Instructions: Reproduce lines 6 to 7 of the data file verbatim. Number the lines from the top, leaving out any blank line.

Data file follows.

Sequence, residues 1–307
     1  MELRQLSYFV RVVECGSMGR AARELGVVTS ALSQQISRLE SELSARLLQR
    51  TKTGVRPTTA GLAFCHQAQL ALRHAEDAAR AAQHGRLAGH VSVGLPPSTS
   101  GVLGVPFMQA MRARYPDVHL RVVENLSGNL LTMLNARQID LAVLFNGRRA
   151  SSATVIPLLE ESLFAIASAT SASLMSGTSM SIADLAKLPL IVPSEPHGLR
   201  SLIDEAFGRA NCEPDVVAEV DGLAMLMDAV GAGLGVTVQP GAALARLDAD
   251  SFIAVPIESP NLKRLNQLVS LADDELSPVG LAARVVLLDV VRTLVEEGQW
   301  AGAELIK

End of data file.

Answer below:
   201  SLIDEAFGRA NCEPDVVAEV DGLAMLMDAV GAGLGVTVQP GAALARLDAD
   251  SFIAVPIESP NLKRLNQLVS LADDELSPVG LAARVVLLDV VRTLVEEGQW